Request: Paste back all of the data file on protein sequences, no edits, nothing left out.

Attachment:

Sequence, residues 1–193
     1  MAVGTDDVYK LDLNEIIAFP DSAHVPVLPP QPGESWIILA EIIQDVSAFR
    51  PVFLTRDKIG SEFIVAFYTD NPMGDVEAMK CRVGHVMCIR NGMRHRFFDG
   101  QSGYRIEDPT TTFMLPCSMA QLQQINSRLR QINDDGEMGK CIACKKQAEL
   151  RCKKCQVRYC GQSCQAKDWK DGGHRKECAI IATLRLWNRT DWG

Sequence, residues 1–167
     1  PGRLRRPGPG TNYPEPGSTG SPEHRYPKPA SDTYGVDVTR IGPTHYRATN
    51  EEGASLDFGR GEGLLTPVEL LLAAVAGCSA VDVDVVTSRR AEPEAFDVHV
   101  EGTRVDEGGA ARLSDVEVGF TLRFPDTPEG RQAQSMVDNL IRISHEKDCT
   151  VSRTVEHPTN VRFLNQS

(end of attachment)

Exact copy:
Sequence, residues 1–193
     1  MAVGTDDVYK LDLNEIIAFP DSAHVPVLPP QPGESWIILA EIIQDVSAFR
    51  PVFLTRDKIG SEFIVAFYTD NPMGDVEAMK CRVGHVMCIR NGMRHRFFDG
   101  QSGYRIEDPT TTFMLPCSMA QLQQINSRLR QINDDGEMGK CIACKKQAEL
   151  RCKKCQVRYC GQSCQAKDWK DGGHRKECAI IATLRLWNRT DWG

Sequence, residues 1–167
     1  PGRLRRPGPG TNYPEPGSTG SPEHRYPKPA SDTYGVDVTR IGPTHYRATN
    51  EEGASLDFGR GEGLLTPVEL LLAAVAGCSA VDVDVVTSRR AEPEAFDVHV
   101  EGTRVDEGGA ARLSDVEVGF TLRFPDTPEG RQAQSMVDNL IRISHEKDCT
   151  VSRTVEHPTN VRFLNQS